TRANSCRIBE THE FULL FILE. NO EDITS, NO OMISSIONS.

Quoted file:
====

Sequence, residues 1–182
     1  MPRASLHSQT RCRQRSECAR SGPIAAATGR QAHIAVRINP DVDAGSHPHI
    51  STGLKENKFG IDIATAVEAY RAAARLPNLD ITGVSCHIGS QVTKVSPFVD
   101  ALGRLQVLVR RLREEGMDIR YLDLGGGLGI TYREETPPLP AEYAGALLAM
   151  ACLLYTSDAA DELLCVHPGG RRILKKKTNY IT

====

Sequence, residues 1–182
     1  MPRASLHSQT RCRQRSECAR SGPIAAATGR QAHIAVRINP DVDAGSHPHI
    51  STGLKENKFG IDIATAVEAY RAAARLPNLD ITGVSCHIGS QVTKVSPFVD
   101  ALGRLQVLVR RLREEGMDIR YLDLGGGLGI TYREETPPLP AEYAGALLAM
   151  ACLLYTSDAA DELLCVHPGG RRILKKKTNY IT